“I didn’t know they were criminals,” he said. I knew Jonathan Borbely who took me to his father [NDLR Stephen Borbely, un autre associé de G&R] who convinced me to buy 10% of his company.”

Mr Scoppa says he “never had any contact” with the Gabriel brothers except when he decided to leave the company because he was not making any money. He claims to have left G&R in 2017.

In 2020, G&R Recycling’s license was revoked by the ministry. The story made headlines.

“Blackwater” that flowed from the garbage heaps was reportedly released directly into the environment without treatment The presslast fall.

During a visit in 2020, one of the site’s employees also mentioned to inspectors “that they are no longer welcome on the sorting center premises to conduct their inspection”.

Two known brothers

Roberto Scopa was recently targeted by the police because of his family ties. He is the brother of gangsters Andrew and Salvatore Scopa, who were both murdered in 2019.

Andrew Scopa was shot dead in October 2019.

Archive photos

Andrew Scopa was shot dead in October 2019.

◆ Andrew was considered by police to be the acting boss of the Montreal Mafia between 2014 and 2015, some time after the death of godfather Vito Rizzuto.

Salvatore Scopa was killed at the Sheraton Hotel in Laval in May 2019.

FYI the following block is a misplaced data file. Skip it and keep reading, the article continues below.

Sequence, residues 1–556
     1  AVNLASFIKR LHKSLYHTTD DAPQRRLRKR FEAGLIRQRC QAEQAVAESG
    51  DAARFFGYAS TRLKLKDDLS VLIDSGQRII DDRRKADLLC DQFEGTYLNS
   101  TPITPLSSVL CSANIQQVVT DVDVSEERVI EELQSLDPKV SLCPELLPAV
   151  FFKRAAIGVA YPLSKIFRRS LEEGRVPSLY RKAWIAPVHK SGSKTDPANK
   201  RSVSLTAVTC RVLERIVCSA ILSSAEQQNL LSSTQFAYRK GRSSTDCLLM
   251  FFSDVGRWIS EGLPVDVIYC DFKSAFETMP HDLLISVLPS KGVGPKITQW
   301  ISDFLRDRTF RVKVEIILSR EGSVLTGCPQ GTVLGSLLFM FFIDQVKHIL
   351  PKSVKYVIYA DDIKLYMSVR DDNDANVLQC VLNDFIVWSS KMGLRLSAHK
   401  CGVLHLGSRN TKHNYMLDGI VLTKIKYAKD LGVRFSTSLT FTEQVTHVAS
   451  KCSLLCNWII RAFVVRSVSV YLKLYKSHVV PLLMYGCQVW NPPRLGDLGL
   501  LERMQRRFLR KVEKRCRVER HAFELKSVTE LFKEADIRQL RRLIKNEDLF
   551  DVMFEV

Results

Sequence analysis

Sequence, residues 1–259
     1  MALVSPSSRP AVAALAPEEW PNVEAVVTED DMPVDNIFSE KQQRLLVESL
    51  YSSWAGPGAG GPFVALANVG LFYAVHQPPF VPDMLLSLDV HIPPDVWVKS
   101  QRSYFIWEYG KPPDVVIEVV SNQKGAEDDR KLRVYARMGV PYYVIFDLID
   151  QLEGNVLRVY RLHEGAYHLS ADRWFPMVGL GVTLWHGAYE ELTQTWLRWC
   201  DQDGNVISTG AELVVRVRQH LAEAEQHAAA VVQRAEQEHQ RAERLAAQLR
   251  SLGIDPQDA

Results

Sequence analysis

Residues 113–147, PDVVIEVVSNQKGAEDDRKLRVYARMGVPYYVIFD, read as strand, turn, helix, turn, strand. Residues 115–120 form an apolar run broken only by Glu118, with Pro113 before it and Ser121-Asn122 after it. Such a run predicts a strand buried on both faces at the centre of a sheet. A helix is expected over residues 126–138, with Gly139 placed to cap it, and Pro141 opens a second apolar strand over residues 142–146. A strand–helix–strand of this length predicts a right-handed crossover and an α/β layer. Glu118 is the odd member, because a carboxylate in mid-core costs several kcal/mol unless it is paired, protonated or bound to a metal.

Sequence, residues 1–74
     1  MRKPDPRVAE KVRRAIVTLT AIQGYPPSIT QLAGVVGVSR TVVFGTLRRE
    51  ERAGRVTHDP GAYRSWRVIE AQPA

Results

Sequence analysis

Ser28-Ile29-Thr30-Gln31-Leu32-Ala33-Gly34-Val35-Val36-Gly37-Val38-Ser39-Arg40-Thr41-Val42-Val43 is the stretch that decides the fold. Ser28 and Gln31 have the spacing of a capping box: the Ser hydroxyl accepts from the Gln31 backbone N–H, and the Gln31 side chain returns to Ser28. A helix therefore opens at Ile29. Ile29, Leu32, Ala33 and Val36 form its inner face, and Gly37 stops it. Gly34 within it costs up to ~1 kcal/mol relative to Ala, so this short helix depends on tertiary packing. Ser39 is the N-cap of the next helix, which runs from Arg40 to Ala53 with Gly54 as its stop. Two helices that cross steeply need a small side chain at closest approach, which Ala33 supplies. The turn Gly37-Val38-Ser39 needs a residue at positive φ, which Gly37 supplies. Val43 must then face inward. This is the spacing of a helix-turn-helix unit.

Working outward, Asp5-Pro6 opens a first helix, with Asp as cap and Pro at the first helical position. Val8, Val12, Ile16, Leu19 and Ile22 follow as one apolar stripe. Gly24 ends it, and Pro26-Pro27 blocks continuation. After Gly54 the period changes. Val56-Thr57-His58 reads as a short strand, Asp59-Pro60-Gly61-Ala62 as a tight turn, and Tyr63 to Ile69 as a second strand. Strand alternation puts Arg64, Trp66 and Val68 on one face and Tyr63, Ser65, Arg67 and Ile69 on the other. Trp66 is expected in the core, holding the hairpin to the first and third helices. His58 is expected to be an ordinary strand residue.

Archive photos

Salvatore Scopa was killed at the Sheraton Hotel in Laval in May 2019.

◆ Salvatore Scopa ordered several murders, including that of Mafioso Rocco Sollecito.

Prior to her assassination, police placed Roberto Scopa along with his brothers in the Montreal Mafia organizational chart. In 2015, police caught two encounters between Andrew and Roberto as part of his pursuit of the Estacade project.

In an interview, Roberto Scoppa agreed that he has been linked to his brothers’ criminal cases in the past, but claims he has long since steered clear of it.

He claimed to have never spoken to his brother Salvatore “since 2011-2012.” “We fought to the max and never spoke to each other again,” he said.

As for his brother Andrew, he first said he hadn’t spoken to him since 2013. “Since Vito [Rizzuto] died, I stopped speaking to him because I saw things happening that I didn’t like,” he swears. He then claimed Andrew approached him “a couple of times” afterwards. “I didn’t want to be part of their business,” he says.